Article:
If a guy told me that he didn’t want to pay or couldn’t afford to pay, I would be okay with that. If he wanted to pay for my meal, I would be okay with that too. But I earn my own money. So I’d be perfectly comfortable paying for our meals. Can I speak for all women? No, I can’t. But it’s inaccurate to make a blanket generalization.

      The guys who seeks ‘Fraandship’ may not be a bad guy. However, when a person I don’t know sends messages like that after simply looking at my profile picture, I’m not going to be inclined to be friends with him. Even if he happened to be the nicest guy on the planet. That’s not how you approach a person.

      For example, a guy added me on Facebook. He sent me a message saying, “Hey, I read your blog and I like the way you write. I wrote a blog exactly like that once and it felt like you expressed my thoughts exactly.” Would this be someone I’d like to be friends with? Yes! He shares my interests and I know he’s read my work. It’s all so subjective really.

      This has become a really huge comment, but I had to give you my full two cents. Thanks for taking the time to comment though!

      • I do not agree with many many things that you have mentioned. First of all, I told you not to speak for yourself when it comes to paying bills. I have had this argument with many ladies who make such claims but when it comes to actual payment, they back out. Its real! Its my experience. What you speak here is immaterial; what you do in reality is what matters and there is a HUGE difference. Secondly, when you cannot speak for other women, why do you even need to refer to that? As a guy I know how many times I had to pay bills and how many times I was exploited. Sorry, I can’t accept your contention.

        Regarding attitude that you mentioned as not being gender specific, I again disagree. Perhaps, what you say is true to an extent. But there is no denying the truth that good-looking women have an attitude much more than their male counter-parts.

        “We have finally reached a time where we see a significant number of Indian women working, driving and doing other ‘manly’ activities.”

        That is a different debate altogether whether feminism has brought about good or bad in society To me, its definately made society worse.

        “Do we take pride in the fact that we are making huge strides in this male driven society? Yes. Do we feel empowered that we can stay alone and work in a different city without fear? Yes.”

        Again its another debate and about technology having been the cause of this so-called empowerment. But its definately NOT a male driven society as you women claim it to be. I would dispute that; contest it and I have enough reasons to do so. Rather, I would say its always a female centric society where men are made the scape goats whenever the need arises.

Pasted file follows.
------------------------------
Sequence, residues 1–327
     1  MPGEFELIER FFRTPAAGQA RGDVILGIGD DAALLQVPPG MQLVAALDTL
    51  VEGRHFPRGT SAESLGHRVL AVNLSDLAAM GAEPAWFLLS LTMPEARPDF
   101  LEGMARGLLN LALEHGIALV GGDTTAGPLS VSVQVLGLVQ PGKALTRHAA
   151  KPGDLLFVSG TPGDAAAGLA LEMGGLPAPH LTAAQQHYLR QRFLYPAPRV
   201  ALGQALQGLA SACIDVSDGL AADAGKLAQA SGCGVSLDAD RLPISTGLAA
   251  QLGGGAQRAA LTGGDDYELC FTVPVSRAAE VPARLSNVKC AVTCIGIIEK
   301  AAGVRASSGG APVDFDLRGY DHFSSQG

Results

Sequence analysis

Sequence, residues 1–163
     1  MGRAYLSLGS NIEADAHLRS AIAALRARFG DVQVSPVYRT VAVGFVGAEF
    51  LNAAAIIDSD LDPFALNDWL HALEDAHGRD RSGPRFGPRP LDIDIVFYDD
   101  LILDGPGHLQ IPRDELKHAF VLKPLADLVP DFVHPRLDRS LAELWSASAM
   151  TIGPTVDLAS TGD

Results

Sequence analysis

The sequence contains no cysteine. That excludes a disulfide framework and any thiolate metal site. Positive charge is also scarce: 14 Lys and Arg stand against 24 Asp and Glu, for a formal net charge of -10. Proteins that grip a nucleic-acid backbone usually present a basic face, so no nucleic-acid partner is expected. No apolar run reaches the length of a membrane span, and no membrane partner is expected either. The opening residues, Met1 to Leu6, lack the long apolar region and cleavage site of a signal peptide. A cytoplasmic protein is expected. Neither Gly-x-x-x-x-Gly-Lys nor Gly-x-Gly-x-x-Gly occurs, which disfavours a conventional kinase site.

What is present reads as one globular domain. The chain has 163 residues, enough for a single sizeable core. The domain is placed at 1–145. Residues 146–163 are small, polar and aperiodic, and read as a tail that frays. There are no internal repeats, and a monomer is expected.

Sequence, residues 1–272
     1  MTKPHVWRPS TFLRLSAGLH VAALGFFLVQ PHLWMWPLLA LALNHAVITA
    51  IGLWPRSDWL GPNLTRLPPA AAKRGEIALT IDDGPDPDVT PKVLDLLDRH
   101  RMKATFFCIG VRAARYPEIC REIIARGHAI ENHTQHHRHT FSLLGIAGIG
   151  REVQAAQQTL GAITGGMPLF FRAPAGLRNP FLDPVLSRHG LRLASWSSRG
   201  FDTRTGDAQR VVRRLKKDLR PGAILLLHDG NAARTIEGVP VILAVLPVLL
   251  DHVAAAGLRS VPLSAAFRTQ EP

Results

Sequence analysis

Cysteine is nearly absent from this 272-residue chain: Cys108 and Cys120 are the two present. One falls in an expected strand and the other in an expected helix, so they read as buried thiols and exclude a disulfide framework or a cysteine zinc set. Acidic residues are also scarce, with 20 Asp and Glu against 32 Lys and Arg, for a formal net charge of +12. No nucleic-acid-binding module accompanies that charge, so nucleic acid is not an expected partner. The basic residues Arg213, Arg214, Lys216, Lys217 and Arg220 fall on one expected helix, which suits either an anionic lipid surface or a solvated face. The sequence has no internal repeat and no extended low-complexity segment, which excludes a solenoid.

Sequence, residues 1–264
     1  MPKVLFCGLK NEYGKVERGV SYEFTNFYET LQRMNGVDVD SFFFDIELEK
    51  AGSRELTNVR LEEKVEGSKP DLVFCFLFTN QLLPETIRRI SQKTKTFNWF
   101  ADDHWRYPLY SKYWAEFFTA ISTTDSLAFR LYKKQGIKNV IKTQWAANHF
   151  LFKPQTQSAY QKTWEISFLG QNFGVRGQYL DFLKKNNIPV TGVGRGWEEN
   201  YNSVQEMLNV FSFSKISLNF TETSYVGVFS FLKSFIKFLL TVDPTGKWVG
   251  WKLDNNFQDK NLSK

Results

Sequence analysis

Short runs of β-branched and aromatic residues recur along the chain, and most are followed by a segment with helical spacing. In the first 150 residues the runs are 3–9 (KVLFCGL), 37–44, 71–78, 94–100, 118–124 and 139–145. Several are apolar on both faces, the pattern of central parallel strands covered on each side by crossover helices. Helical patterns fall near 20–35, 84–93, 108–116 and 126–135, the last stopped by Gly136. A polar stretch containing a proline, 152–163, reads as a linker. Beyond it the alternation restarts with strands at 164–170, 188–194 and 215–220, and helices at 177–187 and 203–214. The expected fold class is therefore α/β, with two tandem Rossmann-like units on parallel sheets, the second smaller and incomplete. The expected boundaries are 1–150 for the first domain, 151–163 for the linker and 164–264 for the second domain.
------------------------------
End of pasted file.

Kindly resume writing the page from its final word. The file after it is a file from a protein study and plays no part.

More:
“It is just pride in our own achievements, that we are able to do things our mothers and grandmothers couldn’t do.”

        Too much of corporate-fed media here. You are brain-washed to believe that mothers and grandmothers weren’t achievers. They were bigger achievers than all the achievement that you can ever imagine. Just because they didn’t mean much to the MNCs as they led simple lives didn’t mean that they were under-achievers. Turning a house into a home is a much bigger achievement than owning bungalows, cars and 10 digit packages.

        “We can’t claim that we are a gender equal society because we aren’t”

        Yep, we are habituated to pampering women…..

        “The guys who seeks ‘Fraandship’ may not be a bad guy. However, when a person I don’t know sends messages like that after simply looking at my profile picture, I’m not going to be inclined to be friends with him. Even if he happened to be the nicest guy on the planet.”

        This is one of the fundamental differences between the psychology of women and men. You cannot deny this. Women and men are different in many ways and I sometimes wonder in the correctness of gender equality itself. How can there be equality between two different creatures?

  5. Pingback: In conversation with a jaded Indian man and a dented-painted Indian woman | Quixotic Semiotic
  6. To reach the core of double standards, I think you would need to view them as inconsistencies in behavior of people(read women/men?) around you.
    Often, people tend to deviate from what they say they believe in. Instead of multiple standards, viewing them as multiple personas should help you view this is a better manner.

    I like that you are over-thinking in the right(?) direction. There are so many irrational assumptions and beliefs floating around you. You have been noticing some of them. A mind free of all biases would view itself and others just as individuals, without any fear or love or any other societal/emotional bias. Then, to understand an individual; you start filling her blank canvas with colors.

    Again, this comment is on a slightly abstract level. Let us hope(?) communicating and reflecting on all these inconsistencies around us can help us gain some clarity on the path we will travel tomorrow.

    • You know, I think your first paragraph is something I forget a lot of times while mapping my thoughts out on something. People do say a lot of things they don’t mean, and even when they do mean it they act otherwise! I think it’s an innocuous human foible that we’re all guilty of, but it definitely changes things!

      Thank you for the ‘abstract’ comment. It helps to kind of disassociate yourself and go back to get a better view you know, the big picture.